Photographer: Michelle Low
Title: Research is Attainable
This picture depicts three extraordinary chemical engineering academics brainstorming ideas by writing on a window pane. Prof Diane Hildebrandt (on the left) is a B-rated scientist, while Prof David Glasser (in the middle) is an A-rated scientist. Both are directors of the MaPS (Material and Process Synthesis) a research unit at Unisa, they have supervised over 75 postgraduate students and have published more than 100 research articles. Furthermore their research is very diverse, which includes topics such as Fischer- Tropsch, biotechnology, process synthesis and Attainable Region (AR) theory. Dr David Ming (seen on the right) is a lecturer at the University of the Witwatersrand, obtained his PhD in 2014, has published five articles, is one of the 2014 Mail and Guardian Top 200 Young South Africans and is one of the directors of EWB-SA (Engineers Without Borders South Africa). These three are discussing AR theory and are currently writing a textbook on the topic, which will be published with Wiley. AR theory deals with optimising chemical reactors and can be taught via simple examples since it is based on graphical ideas.
Photographer: Dr. Camilla Floros
Title: Turtle Release
Nine juvenile loggerhead turtles await release back into the ocean after several months of rehabilitation. Loggerhead turtles are one of two species that nest and lay eggs along the northeast coast of South Africa. Many juvenile turtles get swept down from the north coast by the strong Agulhas current and get washed ashore by stormy seas. These turtles need rehabilitation because of exposure to cold water and dehydration. The loggerhead turtle is one of many turtle species at risk from human activity and is listed as ?endangered? on the IUCN red list. Thus rehabilitating juvenile turtles is seen as a conservation priority.
Photographer: Emma Lewis Bone
Title: Glider Deployment in the Southern Ocean
This image depicts the deployment of a Kongsberg Seaglider™, an autonomous underwater vehicle owned by the CSIR. This underwater glider was released into the Sub-Antarctic Zone, from the SA Agulhas II, on the 28th July 2015 as part of the Southern Ocean Seasonal Cycle Experiment. Seagliders provide continuous, long-term measurements of a suite of important physical and biological parameters. They move through the water in a sawtoothed manner, receiving waypoint co-ordinates through GPS fixes while on the surface. The vehicle typically surfaces after each dive to transmit collected data and receive further instructions through satellite telemetry. The gliders use small changes in buoyancy and wings to achieve forward motion, with the systems roll and pitch controlled through an adjustable ballast. Conditions in the Southern Ocean are often wild and inhospitable and this deployment forms part of a pioneering winter excursion that will provide the international oceanographic community with novel and significant insight into seasonal processes governing the region.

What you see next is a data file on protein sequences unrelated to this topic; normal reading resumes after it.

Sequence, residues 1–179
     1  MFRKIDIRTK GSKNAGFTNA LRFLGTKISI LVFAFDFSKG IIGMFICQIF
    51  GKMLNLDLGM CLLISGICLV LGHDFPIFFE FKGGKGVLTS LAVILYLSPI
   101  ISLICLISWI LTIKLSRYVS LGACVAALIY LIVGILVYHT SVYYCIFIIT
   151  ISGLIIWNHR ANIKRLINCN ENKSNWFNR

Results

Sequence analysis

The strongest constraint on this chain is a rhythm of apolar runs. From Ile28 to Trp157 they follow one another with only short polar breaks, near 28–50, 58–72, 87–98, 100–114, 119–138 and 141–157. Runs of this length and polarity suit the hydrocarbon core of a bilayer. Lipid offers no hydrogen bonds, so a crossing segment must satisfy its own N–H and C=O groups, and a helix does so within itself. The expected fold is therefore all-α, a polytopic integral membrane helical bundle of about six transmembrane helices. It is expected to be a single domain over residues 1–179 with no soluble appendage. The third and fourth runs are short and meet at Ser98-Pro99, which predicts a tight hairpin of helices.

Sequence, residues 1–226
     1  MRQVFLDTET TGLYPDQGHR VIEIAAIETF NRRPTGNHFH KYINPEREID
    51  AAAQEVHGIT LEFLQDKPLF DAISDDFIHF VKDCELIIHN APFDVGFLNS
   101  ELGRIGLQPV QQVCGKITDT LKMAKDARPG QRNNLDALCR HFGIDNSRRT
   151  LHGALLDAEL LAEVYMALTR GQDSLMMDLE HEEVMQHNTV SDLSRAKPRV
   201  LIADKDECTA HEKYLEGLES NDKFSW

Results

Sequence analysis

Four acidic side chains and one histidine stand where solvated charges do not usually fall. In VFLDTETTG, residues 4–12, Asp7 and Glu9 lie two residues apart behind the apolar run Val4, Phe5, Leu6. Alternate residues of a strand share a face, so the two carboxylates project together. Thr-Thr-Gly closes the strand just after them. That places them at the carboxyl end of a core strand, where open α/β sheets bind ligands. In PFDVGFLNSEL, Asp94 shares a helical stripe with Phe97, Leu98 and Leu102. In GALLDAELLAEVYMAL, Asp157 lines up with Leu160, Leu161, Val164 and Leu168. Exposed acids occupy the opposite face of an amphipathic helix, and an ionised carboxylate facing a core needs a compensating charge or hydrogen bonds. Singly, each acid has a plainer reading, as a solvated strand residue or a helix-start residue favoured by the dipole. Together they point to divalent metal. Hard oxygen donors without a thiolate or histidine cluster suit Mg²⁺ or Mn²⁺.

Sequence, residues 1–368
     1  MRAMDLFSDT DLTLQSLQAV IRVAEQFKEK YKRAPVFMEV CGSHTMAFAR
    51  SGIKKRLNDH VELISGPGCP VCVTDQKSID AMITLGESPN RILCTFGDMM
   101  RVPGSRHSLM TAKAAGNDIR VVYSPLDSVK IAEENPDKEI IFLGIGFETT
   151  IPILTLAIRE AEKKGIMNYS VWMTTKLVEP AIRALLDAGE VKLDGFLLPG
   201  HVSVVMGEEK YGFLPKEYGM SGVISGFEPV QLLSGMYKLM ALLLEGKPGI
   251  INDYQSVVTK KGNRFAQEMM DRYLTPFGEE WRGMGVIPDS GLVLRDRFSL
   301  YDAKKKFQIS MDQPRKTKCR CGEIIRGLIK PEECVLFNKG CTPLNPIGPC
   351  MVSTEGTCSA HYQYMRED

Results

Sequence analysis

Photographer: Felix Murray-Shum
This image was created using steel wool in a homemade mesh cage attached to a length of rope. I set the steel wool on fire and swung therope in a circular motion, while I had my camera set up with the long shutter speed. The steel wool burnt at a quicker rate because of the increased flow of oxygen due to the swinging. This procedure is quite common in modern photography and is referred to as Spinning Steel Wool. I personally find long exposure shots that involve any form of “light painting” extremely interesting. Having to find the balance between my iso, aperture and shutter speed is an enjoyable challenge.
Photographer: Christopher Lambert
Title: Magma in Motion-Erta Ale
Here sulfur rich fluids hop or squirt out the hydrothermal vents that penetrate the salt pans in the explosion crater in the Danakil Depression giving rise to beautiful red and yellow salt landscapes.
Photographer: Nsikelelo Malinga
Title: Pre-treatment of Biomass for Ethanol Production
A postgraduate student preparing dilute acids for the pretreatment of biomass for the liberation of sugars which then will fermented to bio-ethanol. This is of great significance since underutilized waste material such bagasse, corncobs, peanut shells is used to produce useful products, which also adds value.
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